I am often thrilled by split albums, especially when the bands or projects involved are much appreciated by my eardrums. Well, that is exactly the case with this (untitled) split in between two French acts, Paris-based Cepheide and Time Lurker from Strasbourg. I will give a brief description on both projects’ presence immediately, but I’d like to focus, in the first place, on this album itself.
French label Occultum Productions houses many great projects and bands, especially from their home country, yet some international acts as well. One of those is My Deathbed, hailing from Greece. It is an outfit by a human being (I think) named Void, who promotes joy and happiness (completely following the ideology of the label indeed). It is quite a productive project, with almost two hands full of releases in less than two years.
Despite being formed at the beginning of this century, Sigillum Diabolicum are not exactly the most productive outfit from West-European soil.
Czarna magia is Polish for ‘black magic’, so when I did receive an album from a band with that specific name (I got it from The End Of Time Records’ chieftain Dev), I knew this wouldn’t be a Pop or Rock album, yet something that might tease me. Well, believe me: it does!
The story of Hermann starts in 2014, when four musicians joined forces. Amongst them are former or actual members of e.g.
After two albums that were released via Cephalopagus Records, Portuguese one-man army Sílení signed to Eighth Tower Records (creating superspectrum sounds from ultraterrestrial dimensions), run by Sonologyst’s Raffaele Pezzella, to have this next album released.
The young Russian label Distorted Void has a small yet very interesting roster. It houses material by acts like Psionic Asylum, Onasander, Hiemal and Uzbazur, and they did compose and release some very attractive compilations too. I recently wrote a review for the first Forgotten, Abandoned, Desolated compilation, and this review deals with another compiled sampler, consisting by thirteen pieces by as much projects from all over our globe.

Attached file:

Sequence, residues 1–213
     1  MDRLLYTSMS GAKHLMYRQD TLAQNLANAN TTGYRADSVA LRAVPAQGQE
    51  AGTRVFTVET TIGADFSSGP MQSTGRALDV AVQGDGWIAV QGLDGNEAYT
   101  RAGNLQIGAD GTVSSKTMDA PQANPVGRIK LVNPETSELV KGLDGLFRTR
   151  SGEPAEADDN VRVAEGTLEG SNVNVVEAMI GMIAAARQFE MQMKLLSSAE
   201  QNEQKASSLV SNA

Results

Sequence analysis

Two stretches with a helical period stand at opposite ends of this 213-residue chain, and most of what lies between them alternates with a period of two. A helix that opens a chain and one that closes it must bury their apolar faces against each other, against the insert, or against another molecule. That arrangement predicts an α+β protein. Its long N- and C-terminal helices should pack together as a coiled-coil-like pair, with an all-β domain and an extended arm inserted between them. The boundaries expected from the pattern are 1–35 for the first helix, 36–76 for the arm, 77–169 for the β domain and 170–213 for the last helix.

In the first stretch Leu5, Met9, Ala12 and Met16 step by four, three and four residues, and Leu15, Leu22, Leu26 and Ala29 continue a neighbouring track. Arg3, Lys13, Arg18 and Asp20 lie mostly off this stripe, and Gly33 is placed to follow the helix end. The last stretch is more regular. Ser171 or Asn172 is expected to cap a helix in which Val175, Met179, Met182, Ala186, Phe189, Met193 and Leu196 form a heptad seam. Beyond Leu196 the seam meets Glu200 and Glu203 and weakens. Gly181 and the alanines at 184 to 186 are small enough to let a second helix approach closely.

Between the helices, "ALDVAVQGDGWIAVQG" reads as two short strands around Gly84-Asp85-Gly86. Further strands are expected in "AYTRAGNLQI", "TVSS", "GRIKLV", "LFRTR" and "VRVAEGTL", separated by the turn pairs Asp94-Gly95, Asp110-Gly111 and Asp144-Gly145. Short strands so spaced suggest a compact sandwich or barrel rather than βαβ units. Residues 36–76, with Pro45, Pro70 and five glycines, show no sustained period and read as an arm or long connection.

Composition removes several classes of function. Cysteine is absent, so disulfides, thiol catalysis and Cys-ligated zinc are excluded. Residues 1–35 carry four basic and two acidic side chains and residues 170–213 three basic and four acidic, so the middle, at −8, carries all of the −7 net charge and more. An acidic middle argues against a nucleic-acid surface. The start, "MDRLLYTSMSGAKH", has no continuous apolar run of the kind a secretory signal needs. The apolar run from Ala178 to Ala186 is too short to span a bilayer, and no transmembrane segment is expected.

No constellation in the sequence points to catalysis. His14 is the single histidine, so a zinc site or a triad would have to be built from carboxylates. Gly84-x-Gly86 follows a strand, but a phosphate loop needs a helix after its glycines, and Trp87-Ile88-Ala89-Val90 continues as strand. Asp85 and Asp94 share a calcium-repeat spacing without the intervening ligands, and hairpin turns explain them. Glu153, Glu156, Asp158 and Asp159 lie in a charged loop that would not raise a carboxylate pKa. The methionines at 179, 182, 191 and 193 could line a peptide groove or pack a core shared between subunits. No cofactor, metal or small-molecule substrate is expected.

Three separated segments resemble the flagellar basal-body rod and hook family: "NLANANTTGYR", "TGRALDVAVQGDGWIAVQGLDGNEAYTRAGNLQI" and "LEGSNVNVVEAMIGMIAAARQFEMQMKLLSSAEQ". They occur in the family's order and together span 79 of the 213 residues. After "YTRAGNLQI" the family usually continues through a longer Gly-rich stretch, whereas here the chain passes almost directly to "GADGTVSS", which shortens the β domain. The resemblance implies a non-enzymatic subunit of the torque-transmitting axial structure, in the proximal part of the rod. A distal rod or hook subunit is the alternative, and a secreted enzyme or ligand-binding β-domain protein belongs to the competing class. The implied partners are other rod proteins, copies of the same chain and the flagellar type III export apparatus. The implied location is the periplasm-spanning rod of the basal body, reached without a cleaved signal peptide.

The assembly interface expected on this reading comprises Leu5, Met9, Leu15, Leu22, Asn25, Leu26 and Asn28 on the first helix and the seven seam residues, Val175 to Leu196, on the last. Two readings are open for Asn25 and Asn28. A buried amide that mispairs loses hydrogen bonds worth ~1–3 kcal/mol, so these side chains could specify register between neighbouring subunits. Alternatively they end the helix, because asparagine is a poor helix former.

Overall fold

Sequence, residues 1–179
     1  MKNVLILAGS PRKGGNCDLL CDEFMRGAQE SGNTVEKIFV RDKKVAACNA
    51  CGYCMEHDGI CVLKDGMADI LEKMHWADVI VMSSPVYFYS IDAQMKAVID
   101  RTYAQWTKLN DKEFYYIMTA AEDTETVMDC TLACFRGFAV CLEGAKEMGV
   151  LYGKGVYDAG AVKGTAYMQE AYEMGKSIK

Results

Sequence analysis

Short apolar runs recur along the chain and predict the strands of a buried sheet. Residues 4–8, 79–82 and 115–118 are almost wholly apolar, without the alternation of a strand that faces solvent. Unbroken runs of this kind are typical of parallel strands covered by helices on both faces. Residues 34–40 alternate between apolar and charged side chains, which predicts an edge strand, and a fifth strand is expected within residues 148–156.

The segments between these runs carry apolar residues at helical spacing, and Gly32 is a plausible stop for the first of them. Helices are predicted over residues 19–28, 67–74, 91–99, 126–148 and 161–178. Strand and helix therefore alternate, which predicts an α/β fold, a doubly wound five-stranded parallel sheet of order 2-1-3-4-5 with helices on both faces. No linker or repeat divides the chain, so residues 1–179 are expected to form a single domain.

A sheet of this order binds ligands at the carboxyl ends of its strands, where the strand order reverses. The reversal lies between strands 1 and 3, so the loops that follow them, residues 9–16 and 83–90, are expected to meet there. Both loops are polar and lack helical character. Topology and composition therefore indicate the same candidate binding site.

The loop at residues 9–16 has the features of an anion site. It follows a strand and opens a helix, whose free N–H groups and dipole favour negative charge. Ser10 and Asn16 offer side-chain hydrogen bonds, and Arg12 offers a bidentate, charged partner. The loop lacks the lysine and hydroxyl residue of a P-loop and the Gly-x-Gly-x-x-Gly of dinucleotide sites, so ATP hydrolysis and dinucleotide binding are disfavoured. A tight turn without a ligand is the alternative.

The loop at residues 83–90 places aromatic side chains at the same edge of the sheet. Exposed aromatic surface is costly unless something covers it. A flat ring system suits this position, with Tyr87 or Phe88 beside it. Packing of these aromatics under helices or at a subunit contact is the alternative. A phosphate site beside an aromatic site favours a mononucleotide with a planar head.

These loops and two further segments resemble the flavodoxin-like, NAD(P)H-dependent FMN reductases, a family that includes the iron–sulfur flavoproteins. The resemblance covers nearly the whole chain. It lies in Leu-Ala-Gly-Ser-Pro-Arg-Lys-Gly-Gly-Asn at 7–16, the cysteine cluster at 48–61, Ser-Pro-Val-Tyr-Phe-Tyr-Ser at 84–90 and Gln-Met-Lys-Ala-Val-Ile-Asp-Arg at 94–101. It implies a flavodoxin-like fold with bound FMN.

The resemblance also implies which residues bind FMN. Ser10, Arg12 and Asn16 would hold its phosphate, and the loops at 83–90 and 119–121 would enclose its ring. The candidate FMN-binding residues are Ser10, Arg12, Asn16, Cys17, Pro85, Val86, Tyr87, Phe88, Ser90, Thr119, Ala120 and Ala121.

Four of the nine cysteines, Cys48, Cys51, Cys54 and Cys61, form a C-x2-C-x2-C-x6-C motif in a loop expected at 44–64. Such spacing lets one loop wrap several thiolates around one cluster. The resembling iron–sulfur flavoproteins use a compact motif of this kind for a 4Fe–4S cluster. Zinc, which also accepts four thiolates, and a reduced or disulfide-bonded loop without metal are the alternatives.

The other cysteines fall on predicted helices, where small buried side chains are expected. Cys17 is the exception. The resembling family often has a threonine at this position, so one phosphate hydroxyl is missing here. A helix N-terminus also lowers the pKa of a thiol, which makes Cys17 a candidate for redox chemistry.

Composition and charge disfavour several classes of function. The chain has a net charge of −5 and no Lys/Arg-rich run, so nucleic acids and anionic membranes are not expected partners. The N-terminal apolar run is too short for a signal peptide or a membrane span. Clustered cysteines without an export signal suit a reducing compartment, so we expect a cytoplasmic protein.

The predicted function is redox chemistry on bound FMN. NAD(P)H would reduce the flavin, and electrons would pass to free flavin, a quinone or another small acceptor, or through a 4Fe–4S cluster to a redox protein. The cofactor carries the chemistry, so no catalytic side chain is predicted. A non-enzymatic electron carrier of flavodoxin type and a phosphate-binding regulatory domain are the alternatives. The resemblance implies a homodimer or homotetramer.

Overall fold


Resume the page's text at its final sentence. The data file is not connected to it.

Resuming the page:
I do not exactly exaggerate when defining Distant Voices as a very unique label. Okay, about the musical taste one can discuss (I do not discuss, for I adore about all releases), but each single release is like a unique thing, almost like a collector’s item. Every release is handmade and extremely limited, with no repressing whatsoever, so all copies must be adored, idolised.
When composer / guitarist David ‘HellRazor’ Meza and bass player / vocalist Maria Alejandra ‘Blasfemia’ Pacheco Zambrano started playing under the moniker of Lucifera (it was somewhere in 2008), they did play cover songs in the first place. Everything from AC/DC to Metallica, or from Rock Goddess to Motörhead passed the revue. Yet soon, the band started writing, recording and playing self-written stuff.
If I am not mistaken, Haiku Funeral were created in 2008 in the south of France by two guys, Dimitar Dimitrov (vocals, electronics, keyboards, hailing from Bulgaria) and William Kopecky (fretless bass, vocals, sitar; originating from the U.S.) under the influence of hallucinogenic and psychotropic pleasure. After three official recordings in the period 2008-2010, the duo signed to Aesthetic Death, and those trusted with this mind-blowing label will not be surprised.